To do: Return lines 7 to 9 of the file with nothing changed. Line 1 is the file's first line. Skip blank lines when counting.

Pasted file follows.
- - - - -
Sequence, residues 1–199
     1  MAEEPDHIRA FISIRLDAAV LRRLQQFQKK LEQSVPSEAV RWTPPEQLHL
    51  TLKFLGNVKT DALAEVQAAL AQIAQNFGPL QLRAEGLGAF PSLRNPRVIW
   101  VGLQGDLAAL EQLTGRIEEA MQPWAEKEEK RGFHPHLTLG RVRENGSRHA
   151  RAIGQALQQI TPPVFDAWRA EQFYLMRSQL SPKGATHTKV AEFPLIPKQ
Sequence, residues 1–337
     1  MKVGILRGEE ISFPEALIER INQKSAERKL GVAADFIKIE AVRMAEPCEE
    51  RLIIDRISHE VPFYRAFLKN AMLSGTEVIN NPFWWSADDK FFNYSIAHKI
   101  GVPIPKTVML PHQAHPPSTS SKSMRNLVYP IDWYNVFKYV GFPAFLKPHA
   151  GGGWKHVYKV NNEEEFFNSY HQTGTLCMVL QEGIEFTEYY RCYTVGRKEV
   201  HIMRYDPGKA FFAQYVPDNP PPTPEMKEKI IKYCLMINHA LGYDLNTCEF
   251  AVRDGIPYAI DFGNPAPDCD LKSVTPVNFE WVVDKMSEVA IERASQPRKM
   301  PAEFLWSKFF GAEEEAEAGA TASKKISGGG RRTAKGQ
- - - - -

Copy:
     1  MKVGILRGEE ISFPEALIER INQKSAERKL GVAADFIKIE AVRMAEPCEE
    51  RLIIDRISHE VPFYRAFLKN AMLSGTEVIN NPFWWSADDK FFNYSIAHKI
   101  GVPIPKTVML PHQAHPPSTS SKSMRNLVYP IDWYNVFKYV GFPAFLKPHA